COGNITIVE OR IMPRESSIONISTIC? ABOUT THE PARADIGMS IN THE CONTEMPORARY ARTISTIC ACTIVITY*
Senior research associate Lubomir Kavaldjiev
* First time publication. The text was written on the basis of a paper read out on May 8, 2003 in Plovdiv at the theoretical conference Specific of the Scientific-Research Work in the Field of Arts organized by ÀÌÒI – Plovdiv and II-Bulgarian Academy of Sciences – Sofia , in co-operation of the Union of the Bulgarian Composers.
KEY WORDS: cognitive, impressionistic, paradigm, academisation, Eurocentrism, culture, musicology, values, model, schemes, postmodernity, globalisation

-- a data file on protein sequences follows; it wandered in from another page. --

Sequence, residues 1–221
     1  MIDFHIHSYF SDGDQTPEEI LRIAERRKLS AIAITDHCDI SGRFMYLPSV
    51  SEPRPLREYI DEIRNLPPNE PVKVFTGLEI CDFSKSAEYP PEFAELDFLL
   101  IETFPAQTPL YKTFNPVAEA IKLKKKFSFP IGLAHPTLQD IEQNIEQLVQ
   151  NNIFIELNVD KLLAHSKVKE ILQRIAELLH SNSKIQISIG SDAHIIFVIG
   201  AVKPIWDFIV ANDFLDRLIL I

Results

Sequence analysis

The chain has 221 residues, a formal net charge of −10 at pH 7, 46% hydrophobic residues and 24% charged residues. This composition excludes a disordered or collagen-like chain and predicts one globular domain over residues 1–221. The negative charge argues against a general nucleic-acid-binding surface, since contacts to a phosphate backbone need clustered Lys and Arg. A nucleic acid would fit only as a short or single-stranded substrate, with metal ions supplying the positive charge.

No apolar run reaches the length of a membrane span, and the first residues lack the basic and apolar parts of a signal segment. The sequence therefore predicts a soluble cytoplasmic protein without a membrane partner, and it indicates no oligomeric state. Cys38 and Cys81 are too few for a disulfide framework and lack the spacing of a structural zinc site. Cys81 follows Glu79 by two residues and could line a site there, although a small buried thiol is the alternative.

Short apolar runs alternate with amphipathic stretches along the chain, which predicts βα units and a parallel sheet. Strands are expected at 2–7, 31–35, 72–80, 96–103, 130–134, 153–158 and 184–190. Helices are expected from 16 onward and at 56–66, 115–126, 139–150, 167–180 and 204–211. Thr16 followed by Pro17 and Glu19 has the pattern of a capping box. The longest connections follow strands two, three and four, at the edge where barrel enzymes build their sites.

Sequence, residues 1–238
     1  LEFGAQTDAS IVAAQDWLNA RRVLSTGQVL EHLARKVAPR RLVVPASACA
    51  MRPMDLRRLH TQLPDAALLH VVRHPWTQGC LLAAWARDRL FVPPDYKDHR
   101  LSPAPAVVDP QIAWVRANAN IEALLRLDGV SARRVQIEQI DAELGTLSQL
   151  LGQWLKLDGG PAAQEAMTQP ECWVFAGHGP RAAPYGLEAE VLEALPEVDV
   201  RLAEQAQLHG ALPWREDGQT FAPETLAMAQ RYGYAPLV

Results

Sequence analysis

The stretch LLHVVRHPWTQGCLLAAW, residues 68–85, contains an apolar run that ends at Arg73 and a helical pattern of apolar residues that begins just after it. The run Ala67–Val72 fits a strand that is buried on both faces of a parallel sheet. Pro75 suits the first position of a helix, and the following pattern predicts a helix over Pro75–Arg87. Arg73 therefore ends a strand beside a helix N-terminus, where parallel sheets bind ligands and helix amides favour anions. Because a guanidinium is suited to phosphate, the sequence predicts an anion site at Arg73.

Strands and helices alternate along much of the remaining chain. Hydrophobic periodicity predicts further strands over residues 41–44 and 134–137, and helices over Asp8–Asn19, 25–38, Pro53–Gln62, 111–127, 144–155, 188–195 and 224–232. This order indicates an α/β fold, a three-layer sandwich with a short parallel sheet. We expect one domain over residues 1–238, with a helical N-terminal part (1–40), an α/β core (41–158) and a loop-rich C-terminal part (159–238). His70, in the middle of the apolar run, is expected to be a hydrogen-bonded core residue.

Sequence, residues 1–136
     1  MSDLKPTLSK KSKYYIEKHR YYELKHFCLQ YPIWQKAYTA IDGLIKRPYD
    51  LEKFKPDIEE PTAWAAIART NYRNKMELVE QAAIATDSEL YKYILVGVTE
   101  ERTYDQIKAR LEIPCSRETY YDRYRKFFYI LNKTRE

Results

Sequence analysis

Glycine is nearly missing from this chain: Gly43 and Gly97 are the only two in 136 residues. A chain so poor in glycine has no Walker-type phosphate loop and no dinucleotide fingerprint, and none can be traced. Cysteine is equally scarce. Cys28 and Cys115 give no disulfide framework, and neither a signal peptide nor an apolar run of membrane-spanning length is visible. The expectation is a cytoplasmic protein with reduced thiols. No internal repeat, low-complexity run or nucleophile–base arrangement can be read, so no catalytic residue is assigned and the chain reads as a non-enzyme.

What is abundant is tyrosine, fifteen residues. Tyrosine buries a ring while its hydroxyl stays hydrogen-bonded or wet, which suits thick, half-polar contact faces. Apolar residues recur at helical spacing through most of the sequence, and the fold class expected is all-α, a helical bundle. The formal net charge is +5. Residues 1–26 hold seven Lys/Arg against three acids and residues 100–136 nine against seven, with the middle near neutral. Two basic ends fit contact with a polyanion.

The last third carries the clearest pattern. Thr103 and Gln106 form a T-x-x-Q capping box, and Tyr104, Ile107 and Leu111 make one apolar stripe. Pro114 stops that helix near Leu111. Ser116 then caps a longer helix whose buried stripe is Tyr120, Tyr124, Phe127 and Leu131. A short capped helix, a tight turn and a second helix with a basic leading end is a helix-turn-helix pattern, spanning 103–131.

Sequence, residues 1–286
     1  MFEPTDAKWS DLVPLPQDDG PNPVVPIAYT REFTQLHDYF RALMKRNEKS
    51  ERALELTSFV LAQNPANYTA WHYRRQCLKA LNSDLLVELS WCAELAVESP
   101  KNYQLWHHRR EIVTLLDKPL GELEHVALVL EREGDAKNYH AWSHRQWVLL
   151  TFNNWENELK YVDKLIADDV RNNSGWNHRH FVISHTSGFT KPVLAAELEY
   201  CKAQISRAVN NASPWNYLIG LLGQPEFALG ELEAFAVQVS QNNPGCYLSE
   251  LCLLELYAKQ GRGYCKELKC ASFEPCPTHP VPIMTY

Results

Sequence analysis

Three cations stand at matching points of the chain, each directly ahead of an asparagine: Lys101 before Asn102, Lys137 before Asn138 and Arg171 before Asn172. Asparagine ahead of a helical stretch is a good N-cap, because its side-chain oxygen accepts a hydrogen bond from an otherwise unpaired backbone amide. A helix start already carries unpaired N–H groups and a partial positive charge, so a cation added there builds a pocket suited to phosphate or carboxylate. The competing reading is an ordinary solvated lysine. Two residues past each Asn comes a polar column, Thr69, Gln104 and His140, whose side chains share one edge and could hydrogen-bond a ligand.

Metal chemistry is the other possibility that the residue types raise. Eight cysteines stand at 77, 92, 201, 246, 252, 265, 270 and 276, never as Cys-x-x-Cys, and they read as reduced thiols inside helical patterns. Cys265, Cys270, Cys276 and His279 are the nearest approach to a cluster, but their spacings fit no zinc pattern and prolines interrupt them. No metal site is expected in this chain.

After the capital work of Òhomas Kuhn (24) the paradigms have been in the center of the scholarly interest for some decades now; the paradigm concept intensively developed in the different scientific fields, and especially in the pedagogical methodology world-wide (see 1, 5, 6, 9, 10, 11, 12, 13, 14, 15, 16, 19, 20, 25, 26, 27, 29, 30, 33, 34, 35). The paradigm idea envisages first of all the stability of the scientific research (theoretical and historiographical) conventions, their self-development, formalisation or change (switch) to new paradigms – a dynamic, but also a dramatic change, which is very important also for the development of the Bulgarian musicology and art criticism, and for their institutionalization at the border between the 20th and the 21st centuries. Furthermore, the problem of the paradigms and their changes is topical and actively worked on world wide in the fields of the musical and art education, in the specialized cultural-artistic documentation (especially of local ethnical traditions), in advertising (22) and in the dissemination of modern artistic products, as well as in the fields of the media presentation and development of information systems for art and music. Especially undeveloped remain the processes of establishment and dynamic change of paradigms in the creative process of the authors, musicians or painters, the creators of musical versions and arrangements, the performers and the artistic-minded people of the present day. There are interesting phenomena here like: a rapid constant formalisation or modernization, ultimate aesthetic reassessments, paradoxically strong aspiration of the new artistic conventions for academisation and official institutionalization, intense competition, but also mutual influences between classical and modern, local and global, experimental and popular, artistic and non-artistic conventions, techniques and stabile value attitudes under the conditions of a rapidly changing situation directly observed also in the contemporary Bulgarian culture.